"And then, actually listen and talk to them. To me, the most effective retorts against the alt-right were when Trevor Noah had Tomi Lahren on his show and when Elle Reeve profiled Richard Spencer for Vice. Both came off looking mostly like jokes. Tomi Lahren showed her age. Richard Spencer revealed his movement to be mostly a collection of a few thousand sad dorks."

I repeat, this troll-takedown seems dangerous. There must be a third way, perhaps one that's not as feasible or effective in a landscape where attention is short and subtlety is often wasted. Here are two compromise options: 1) make public mention of the terrible thing, but give the hate less attention than the context spinning its falsehood or wrongness, and prioritize more valuable news; or 2) let the troll speak, but make sure it's with a battle-ready interviewer and that it's simultaneously fact-checked. The latter presents a challenge, as Bill Moyers learned, when he described his disappointment that CNN let Kellyanne Conway on air a few days after banning her. Even when an interviewer is skilled at cutting down hateful language or lies, a dedicated troll can spew more incendiary comments than are possible to expose as fast and effectively as they are spouted.

Another key point Holiday brings to the table is that as much as we worry about normalizing trolls when they're repeatedly successful, it's not in the troll's interest to be normalized because then they lose the spotlight and aren't famous for being outrageous anymore.

As Holiday writes, "The key tactic of alternative or provocative figures is to leverage the size and platform of their 'not-audience' (i.e. their haters in the mainstream) to attract attention and build an actual audience." 

Oddly, this creates an unexpected common goal between progressives and trolls: to keep fighting the normalizing of the troll's behavior. Of course we must continue not to normalize anyway, but it's easy to lose sight of this possibility.

On the flipside, if the successful troll tries to shake things up with a moral makeover, it probably won't work, making trolldom a self-perpetuating marketing scheme. Holiday writes that Tucker Max tried a moral makeover in a third book, which no one bought.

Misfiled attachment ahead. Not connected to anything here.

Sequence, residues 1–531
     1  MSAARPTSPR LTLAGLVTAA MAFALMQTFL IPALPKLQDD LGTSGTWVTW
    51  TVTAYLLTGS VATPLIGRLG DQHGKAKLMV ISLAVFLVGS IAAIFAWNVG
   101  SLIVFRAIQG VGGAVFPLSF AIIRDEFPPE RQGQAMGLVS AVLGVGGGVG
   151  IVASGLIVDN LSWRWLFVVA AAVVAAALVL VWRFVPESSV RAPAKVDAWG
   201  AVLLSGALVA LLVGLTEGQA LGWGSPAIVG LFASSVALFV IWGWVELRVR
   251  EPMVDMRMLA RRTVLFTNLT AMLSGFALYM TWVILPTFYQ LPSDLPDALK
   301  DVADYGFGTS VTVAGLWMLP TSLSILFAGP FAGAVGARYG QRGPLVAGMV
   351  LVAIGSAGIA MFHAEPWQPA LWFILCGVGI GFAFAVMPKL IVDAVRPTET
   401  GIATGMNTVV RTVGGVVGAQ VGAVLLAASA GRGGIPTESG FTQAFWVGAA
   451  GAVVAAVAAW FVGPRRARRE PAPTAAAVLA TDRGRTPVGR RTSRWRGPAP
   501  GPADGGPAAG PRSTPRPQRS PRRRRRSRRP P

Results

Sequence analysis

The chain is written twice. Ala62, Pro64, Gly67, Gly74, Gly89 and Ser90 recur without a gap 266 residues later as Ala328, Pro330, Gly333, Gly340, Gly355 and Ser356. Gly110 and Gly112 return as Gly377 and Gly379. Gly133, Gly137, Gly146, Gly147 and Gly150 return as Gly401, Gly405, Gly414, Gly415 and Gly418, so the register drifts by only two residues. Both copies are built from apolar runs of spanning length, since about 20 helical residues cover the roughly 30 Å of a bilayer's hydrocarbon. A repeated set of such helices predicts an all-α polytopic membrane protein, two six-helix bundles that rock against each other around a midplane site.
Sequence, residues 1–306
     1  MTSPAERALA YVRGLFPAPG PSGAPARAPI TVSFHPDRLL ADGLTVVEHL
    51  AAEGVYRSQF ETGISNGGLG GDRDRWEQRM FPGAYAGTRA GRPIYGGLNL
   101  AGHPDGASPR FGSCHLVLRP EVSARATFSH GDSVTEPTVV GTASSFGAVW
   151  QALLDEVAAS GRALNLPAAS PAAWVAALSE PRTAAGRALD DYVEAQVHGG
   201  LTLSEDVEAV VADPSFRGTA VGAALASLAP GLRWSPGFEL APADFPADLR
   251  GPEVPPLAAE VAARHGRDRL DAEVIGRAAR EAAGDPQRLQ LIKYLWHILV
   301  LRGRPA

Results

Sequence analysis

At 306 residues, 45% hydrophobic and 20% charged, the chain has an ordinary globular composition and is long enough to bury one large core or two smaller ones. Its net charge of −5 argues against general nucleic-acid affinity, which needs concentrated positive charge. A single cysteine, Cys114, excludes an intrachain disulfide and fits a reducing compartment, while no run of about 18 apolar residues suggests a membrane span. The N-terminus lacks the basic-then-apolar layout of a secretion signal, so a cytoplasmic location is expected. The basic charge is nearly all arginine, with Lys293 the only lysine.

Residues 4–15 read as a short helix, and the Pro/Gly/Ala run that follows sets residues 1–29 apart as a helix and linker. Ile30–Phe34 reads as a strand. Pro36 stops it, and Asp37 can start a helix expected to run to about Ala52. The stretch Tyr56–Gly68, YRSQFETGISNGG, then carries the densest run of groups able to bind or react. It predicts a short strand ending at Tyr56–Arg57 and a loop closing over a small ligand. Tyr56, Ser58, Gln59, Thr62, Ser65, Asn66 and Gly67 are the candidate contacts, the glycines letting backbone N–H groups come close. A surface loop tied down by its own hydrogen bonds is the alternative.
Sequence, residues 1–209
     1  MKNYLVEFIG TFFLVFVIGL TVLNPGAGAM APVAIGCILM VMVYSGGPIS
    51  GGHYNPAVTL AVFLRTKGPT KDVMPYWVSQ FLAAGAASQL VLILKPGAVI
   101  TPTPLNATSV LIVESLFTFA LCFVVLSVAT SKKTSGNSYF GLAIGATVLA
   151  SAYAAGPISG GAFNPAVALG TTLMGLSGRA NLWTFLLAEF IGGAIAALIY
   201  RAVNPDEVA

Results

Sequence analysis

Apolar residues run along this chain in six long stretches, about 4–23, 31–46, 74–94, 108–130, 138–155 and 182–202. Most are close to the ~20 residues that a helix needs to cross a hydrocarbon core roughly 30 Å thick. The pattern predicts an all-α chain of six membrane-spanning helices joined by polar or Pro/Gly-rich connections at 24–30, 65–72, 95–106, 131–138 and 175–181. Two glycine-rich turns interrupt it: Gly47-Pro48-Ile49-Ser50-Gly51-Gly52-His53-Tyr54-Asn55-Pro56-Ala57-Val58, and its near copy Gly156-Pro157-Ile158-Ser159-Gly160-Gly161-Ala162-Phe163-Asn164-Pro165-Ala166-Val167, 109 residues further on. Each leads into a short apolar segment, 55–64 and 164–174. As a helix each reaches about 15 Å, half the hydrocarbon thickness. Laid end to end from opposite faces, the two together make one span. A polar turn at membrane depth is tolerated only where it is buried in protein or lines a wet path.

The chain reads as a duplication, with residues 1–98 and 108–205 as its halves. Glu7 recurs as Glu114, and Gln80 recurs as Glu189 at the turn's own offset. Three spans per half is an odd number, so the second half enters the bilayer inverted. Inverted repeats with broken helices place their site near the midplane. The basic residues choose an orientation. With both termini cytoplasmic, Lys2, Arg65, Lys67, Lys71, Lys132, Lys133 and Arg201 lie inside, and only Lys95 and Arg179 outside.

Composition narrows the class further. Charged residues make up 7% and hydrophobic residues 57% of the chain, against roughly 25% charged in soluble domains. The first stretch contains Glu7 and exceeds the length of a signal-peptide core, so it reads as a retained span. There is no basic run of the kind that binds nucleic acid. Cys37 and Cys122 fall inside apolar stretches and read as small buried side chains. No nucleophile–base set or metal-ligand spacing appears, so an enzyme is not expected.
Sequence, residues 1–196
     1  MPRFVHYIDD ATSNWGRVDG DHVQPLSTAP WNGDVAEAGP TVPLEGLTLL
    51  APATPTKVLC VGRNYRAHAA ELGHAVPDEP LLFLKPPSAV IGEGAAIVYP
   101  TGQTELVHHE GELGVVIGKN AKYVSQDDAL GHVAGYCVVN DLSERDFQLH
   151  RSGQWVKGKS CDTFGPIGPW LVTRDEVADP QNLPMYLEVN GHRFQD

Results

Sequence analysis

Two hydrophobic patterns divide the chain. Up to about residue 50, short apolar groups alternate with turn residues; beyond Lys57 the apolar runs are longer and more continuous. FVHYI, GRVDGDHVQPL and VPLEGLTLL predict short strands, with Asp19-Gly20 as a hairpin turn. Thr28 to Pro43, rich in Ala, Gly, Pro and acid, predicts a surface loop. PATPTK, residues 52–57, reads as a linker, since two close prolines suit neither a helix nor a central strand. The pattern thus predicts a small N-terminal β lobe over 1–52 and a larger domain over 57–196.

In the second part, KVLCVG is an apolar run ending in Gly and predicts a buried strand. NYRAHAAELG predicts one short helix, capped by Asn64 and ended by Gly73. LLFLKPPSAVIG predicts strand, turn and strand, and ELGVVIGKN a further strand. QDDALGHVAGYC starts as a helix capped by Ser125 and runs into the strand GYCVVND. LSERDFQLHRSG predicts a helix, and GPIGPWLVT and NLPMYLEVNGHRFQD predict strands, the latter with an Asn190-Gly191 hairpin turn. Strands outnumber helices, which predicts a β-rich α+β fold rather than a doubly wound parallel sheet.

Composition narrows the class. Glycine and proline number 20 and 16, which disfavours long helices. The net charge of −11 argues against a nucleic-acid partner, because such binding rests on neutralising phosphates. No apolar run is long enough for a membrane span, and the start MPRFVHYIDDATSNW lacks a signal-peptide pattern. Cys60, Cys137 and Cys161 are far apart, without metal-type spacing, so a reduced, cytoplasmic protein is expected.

"When [Tucker Max] published a book of positive advice for guys—which was loved by the mostly female publishing industry and got all sorts of friendly press—it didn’t translate into success. He wasn’t an outlaw anymore. There wasn’t anything to get excited about." (I'd like to point out that most of the publishing industry's top management/highest earners/decision makers are still (mostly white) men, according to a Publishers Marketplace survey, so there's more to be won in terms of feminist publishing leadership and popularizing books by women, people of color and queer voices.) 

If there's anything to learn from Ryan Holiday's strategy, it's that all too many immoral people with dangerous ideas are using trolling more effectively than ever before. Both the media and the public have to constantly be on guard with countermeasures to fight it until the idea loses steam, or as Holiday suggests, until the troll is caught abandoning the hateful principles he rode in on:

"They say sunlight is the best disinfectant. But it is also what allows you to see whether the emperor has any clothes. And it’s this sad, and often pathetic reality, that the collective hysteria has beneficently covered up in those it’s trying to fight. What should be seen as farce somehow looks like real fascism."

Jenny Pierson is AlterNet's assistant managing editor and assistant publisher.